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Working for My Wife?


I am supposed to write a little something about marriage. How do I know this?

My wife told me to.

That’s not the setup for any kind of joke, nor is it a complaint. I am actually blessed to be married to Ann, the Senior Editor for Well Planned Gal’s print and web publications. In a sense, when it comes to writing for this blog, she’s my boss.

Where we find ourselves is not uncommon in many home educating families. Along the way, the family has seen the need for more income or seen an opportunity come their way to develop a business, and suddenly, here they are. Work, school, and family all happen in the same space, among the same people. It can be a trap, and it can be a pleasure.

Sometimes, it’s both.

4 Keys to Work & Marriage

So, what are some of the keys to working with your spouse, whether inside or outside the home?

First: Your marriage is more important than any of the rest of it.

Get that in your head. Whatever businesses you are trying to do as a family, whatever educational efforts you are making as a family, your marriage comes first. That includes whatever efforts your family takes on to strengthen your local church as well. Guard your hearts and attitudes toward your spouse: you did not vow to love, honor, cherish, and make a profit.

Second: Understand each other’s working style.

My beloved is a structured worker. She will put together a schedule, follow it, and get work done. It’s absolutely amazing. I, on the other hand, am as chaotic as a cat in a fish farm. While I definitely need to develop a better structure and discipline myself to follow it, I can produce twice as much in half the time. As long as the mood strikes. If we tried to either work in each other’s style, or tried to force one another to work in our own, we would have strife. Strife that would endanger point one. And if your business requires that one of you constantly be out-of-sync with your work? Maybe you shouldn’t be in that part of life together.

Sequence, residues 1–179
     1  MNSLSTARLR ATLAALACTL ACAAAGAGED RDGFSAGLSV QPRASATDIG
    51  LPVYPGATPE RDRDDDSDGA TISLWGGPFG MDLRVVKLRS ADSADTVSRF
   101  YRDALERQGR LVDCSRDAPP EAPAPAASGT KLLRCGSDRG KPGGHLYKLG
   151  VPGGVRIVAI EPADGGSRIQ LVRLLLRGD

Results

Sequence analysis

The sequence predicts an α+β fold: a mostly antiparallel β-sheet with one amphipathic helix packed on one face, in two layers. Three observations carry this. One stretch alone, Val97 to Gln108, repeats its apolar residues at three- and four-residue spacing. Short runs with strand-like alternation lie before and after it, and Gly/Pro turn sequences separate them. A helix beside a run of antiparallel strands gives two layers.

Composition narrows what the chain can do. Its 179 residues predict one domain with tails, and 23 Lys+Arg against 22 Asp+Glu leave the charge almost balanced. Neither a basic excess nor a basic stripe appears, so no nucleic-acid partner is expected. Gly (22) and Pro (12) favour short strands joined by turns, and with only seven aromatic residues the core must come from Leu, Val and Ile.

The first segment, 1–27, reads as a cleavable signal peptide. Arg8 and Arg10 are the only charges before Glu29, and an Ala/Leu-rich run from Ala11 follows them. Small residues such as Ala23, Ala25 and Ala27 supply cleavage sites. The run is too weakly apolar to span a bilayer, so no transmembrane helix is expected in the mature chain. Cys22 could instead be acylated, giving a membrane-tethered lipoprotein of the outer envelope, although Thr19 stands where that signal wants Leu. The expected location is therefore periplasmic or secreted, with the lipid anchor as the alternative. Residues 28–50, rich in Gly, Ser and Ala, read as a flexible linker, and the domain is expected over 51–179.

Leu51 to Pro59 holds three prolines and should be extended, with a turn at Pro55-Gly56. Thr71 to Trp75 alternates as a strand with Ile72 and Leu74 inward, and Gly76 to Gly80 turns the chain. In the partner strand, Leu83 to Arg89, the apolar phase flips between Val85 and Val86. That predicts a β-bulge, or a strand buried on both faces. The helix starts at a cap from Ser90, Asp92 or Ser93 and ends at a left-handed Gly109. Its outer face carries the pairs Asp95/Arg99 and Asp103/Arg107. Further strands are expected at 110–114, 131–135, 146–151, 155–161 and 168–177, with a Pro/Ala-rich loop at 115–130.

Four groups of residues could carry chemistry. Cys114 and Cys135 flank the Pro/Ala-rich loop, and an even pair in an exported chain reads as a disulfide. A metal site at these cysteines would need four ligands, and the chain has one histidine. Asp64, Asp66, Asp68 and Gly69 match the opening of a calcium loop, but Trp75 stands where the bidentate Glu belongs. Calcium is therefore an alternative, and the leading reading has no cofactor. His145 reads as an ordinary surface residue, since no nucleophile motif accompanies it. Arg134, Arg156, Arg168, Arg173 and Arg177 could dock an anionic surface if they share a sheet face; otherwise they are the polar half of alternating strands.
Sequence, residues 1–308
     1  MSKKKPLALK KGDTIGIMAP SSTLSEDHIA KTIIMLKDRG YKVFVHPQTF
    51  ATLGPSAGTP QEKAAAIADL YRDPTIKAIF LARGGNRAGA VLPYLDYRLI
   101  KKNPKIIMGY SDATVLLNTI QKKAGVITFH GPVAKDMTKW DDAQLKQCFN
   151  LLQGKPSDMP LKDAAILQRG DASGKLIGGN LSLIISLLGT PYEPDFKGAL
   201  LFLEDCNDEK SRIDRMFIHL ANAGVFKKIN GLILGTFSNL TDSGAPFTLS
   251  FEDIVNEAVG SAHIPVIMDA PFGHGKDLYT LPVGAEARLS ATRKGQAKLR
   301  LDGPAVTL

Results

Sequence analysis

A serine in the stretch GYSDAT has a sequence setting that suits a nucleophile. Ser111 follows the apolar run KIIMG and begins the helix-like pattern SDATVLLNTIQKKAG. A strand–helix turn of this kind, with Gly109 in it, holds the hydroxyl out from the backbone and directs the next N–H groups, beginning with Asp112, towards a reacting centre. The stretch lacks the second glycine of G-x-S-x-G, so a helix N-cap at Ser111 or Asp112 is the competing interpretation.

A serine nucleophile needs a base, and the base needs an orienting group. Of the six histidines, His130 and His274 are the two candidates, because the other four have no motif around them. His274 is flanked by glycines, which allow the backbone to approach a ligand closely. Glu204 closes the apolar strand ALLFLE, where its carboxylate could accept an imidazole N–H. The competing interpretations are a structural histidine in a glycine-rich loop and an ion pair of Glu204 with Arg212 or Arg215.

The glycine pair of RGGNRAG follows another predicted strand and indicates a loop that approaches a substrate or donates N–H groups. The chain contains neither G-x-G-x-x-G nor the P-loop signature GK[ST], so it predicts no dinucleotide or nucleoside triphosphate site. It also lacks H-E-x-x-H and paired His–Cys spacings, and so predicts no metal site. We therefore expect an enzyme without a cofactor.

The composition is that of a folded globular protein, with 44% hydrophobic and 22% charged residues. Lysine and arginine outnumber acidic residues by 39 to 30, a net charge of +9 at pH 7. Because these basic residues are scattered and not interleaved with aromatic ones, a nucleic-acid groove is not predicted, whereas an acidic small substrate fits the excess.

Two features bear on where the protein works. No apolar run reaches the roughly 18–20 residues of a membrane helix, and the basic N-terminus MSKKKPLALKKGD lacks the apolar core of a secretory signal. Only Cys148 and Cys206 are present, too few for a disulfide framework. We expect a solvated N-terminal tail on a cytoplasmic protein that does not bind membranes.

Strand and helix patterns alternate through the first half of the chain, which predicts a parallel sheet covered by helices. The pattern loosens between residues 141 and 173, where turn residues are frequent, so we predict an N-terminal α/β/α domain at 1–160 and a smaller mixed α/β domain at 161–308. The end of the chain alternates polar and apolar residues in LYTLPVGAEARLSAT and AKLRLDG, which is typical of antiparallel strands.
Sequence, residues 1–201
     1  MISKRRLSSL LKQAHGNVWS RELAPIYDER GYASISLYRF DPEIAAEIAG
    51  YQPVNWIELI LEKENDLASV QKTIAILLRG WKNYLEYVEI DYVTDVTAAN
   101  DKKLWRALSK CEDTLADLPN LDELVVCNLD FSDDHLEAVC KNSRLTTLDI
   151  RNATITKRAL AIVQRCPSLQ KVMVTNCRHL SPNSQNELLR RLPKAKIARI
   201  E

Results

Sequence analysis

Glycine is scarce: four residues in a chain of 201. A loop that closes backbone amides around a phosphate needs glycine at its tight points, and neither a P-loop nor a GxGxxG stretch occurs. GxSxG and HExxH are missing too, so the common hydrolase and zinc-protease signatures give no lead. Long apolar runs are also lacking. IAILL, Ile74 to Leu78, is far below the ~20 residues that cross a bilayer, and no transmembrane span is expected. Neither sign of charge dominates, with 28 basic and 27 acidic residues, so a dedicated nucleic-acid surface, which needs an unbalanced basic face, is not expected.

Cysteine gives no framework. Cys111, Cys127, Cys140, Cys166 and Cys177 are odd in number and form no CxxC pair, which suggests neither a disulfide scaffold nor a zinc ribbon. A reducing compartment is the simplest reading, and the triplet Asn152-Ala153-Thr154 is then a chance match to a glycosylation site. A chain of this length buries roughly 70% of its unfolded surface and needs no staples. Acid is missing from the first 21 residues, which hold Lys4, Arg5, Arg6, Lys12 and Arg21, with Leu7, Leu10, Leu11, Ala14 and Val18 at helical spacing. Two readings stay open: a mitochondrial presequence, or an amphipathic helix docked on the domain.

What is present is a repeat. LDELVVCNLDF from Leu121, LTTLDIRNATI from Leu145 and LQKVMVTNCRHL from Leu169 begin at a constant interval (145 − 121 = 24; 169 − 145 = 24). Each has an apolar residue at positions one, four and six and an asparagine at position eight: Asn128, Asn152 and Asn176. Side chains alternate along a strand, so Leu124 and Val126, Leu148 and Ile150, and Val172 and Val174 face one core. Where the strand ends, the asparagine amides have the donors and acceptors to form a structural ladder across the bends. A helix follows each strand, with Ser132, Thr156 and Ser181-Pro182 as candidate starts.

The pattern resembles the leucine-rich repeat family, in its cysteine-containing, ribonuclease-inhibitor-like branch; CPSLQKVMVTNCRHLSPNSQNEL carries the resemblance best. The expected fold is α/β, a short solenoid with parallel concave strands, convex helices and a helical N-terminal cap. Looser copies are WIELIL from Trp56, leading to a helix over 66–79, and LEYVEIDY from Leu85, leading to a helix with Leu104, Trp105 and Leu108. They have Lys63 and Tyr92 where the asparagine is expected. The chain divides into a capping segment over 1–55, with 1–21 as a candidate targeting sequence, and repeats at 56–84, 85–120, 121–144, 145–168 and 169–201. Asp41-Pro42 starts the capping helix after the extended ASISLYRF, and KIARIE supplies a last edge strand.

Third: Understand each other’s working responsibilities.

Guess what we have as writers for this blog? Deadlines. While she is supportive of me and my sometime lack of organization, guess what one of her responsibilities to the job is? Helping make sure deadlines are met. When she reminds me to get my work done, I recognize that this is part of her work responsibility. While your husband/wife/family responsibilities shift and adjust with the times, and are often unwritten, you need to clearly define the work responsibilities. It will save you many tears and keep you in mind of point one.

Fourth: Understand each other’s working schedule.

Time. Work always takes time, and so does family. You should start with the assumption that you need family time that is not working-together time, because that’s true. Work out a schedule together about when work happens and when it does not happen. At the end of the work day, clock out, and be a married couple instead of business associates. Leave work at the office, even if the office is the dining room table.

In all, finding a way to work together as a married couple, to work together as a family, in all things can be joyous. It takes planning and understanding, though, and recognizing that our work roles may pull us out of our normal comfort zones as a family.

Doug Hibbard was born in Texas during the term of the only unelected President in United States History. Since 1998, he has been blessed to be married to Ann Hibbard. They have three children who unfortunately all have their own cats. Doug pastors the East End Baptist Church near Little Rock, Arkansas. He blogs, occasionally contributes to, and has a goal of producing good devotional books to strengthen the body of Christ.

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